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The 2010 Big Ten POY, As Voted On By The OTE Writers...Is...

Player of the Year conversations are meaningless. You're absolutely right. But ladies and gentlemen of the OTE Community, what the hell else are you going to do for the next eight months? Not talk about college football? HA. Below are the voting results, the reasoning, and some discussion about why exactly the POY wasn't Denard Robinson. But without further discussion, the OTE 2010 Big Ten Player of the Year is:


Mikel Leshoure, Running Back, Illinois

Because we lack a Cam Newton type figure who swept the voting, Leshoure's win will inspire some debate as to how you give the POY award to someone whose success hinged on a young quarterbacks' success in scaring defenses away from the line of scrimmage. Not only was Leshoure the most prodigious runner in the Big Ten, his story is also a good one. Character issues slowed progress early in his career and because the Illini really don't feature one back, it looked like Leshoure might just be another supremely talented player who didn't quite live up to expectations. But once the season got rolling and it became clear that Nathan Scheelhaase was going to be an offensive threat, Leshoure became a definite threat from week to week. His final five games (183 ypg, 11 TD) showed an NFL-ready RB who could overmatch college defenses with breakaway speed and a punishing running style.

During the preseason, we joked that Illinois didn't interest us enough to write articles about their football team. A youthful defense and inexperience at the quarterback position would surely net them 4 wins. Seven wins later, including a bowl game victory, you're looking at the biggest surprise in the Big Ten. The consistent presence of Leshoure surely helped that turnaround process; he never fumbled, never missed a game, and was never held below 14 carries in a game. I remember watching him turn the corner time and time again in Ann Arbor, falling forward or bowling over tacklers to finish runs.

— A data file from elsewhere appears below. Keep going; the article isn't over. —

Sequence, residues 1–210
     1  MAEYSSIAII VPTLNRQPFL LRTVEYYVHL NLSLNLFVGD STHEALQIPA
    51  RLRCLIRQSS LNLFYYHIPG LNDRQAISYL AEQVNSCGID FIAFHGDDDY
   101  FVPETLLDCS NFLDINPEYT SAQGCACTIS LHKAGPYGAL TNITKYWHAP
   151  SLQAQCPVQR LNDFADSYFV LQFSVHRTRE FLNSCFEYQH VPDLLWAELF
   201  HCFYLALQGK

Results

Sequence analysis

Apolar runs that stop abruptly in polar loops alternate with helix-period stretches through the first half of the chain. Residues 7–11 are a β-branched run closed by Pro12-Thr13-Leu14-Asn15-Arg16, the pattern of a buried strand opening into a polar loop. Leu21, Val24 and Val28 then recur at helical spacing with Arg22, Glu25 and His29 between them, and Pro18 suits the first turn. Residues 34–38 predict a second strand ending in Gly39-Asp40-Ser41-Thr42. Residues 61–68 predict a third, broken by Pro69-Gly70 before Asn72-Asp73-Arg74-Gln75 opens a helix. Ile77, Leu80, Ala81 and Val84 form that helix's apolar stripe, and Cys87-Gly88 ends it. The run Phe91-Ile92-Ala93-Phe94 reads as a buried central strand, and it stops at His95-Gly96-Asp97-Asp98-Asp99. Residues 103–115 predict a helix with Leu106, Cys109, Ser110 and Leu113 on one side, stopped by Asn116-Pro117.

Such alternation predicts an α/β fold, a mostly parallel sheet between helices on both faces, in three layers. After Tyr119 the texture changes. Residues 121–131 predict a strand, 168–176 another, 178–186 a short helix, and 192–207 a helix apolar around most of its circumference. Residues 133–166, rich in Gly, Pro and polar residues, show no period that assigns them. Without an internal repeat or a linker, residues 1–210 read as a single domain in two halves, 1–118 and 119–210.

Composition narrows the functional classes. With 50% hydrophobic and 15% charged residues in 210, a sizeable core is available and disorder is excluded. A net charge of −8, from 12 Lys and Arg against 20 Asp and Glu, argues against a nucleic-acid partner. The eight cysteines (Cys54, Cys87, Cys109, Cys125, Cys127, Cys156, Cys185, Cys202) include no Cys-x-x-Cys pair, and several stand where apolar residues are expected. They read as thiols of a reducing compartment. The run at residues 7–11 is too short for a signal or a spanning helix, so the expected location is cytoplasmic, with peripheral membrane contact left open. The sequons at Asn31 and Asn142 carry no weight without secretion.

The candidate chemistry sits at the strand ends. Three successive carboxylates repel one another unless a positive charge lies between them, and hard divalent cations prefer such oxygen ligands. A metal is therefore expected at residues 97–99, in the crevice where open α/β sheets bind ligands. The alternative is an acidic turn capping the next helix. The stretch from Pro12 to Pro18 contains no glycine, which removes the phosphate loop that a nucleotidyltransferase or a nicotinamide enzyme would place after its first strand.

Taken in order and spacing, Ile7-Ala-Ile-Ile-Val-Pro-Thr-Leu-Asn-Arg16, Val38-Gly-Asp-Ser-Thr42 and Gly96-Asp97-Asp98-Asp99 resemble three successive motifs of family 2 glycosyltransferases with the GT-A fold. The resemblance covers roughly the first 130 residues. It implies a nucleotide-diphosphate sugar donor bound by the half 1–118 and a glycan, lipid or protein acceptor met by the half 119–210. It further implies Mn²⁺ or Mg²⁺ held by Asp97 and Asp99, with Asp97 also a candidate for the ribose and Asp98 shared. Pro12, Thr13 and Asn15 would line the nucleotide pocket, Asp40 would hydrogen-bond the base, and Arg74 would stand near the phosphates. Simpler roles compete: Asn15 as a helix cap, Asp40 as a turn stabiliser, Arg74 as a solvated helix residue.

But Graham, Denard Robinson won all the POY's from coaches and media members. Yeah, that's okay, I won't deny that he had an incredibly productive season. But how many games did he fail to make it through (the answer is 5)? How many times did you wish he wouldn't have thrown the ball into coverage? And how many times did the vaunted Run Spread fall apart early under Denard's watch only to be brought to life against shell defenses in the second half?

Anyways, my congratulations to Mikel Leshoure for playing himself into a probable 2nd Round Draft spot and for earning OTE's POY Award. The voting results are below...

Mikel Leshoure:


Ted Glover..."Great individual season, came up huge against rival Northwestern, and just as clutch against Baylor in their bowl win.  Offense went through him, defenses knew it and tried to stop him and still couldn't.  Sole reason we'll have Ron Zook to kick around for a couple more years, and that, my friend, is literary gold."

JDMill..."17 regular season TD's, 3 in the Texas Bowl, broke 100 yards in 9 of 13 games, 6 yards/carry, 130.5 yards/game, 1,600+ rushing yards on the season, 330 yards rushing against NWestern, and ZERO fumbles."


Denard Robinson:


Randy... "just meant way too much to his team for anyone to challenge his spot as the Big Ten's Player of the Year."


Scott Tolzien:




Terrelle Pryor:

Bama Hawkeye


Gabe Carimi:

Ricardo..."I emphasize not just the big games, but the big moments. Looking back at Wisconsin's season, almost every big-time running play (irrespective of running back) was to Carimi's side (the clinching touchdown against Ohio State, the gut-check fourth-down conversion/TD at Iowa, the back-breaker at Michigan, and two big runs in the finale against Northwestern). He also racked up the awards: Consensus all-conference, conference lineman of the year, Outland winner, and consensus all-American. In the big match-ups, he completely shut down Cameron Heyward (when they were matched up), Ryan Kerrigan, and Adrian Claybourn. His blocking allowed two Wisconsin backs to grab second-team honors (White and Clay), one back to get Freshman of the Year (White), and gave Tolzien enough time to both win the Unitas Award and grab second-team honors himself (coaches' team)."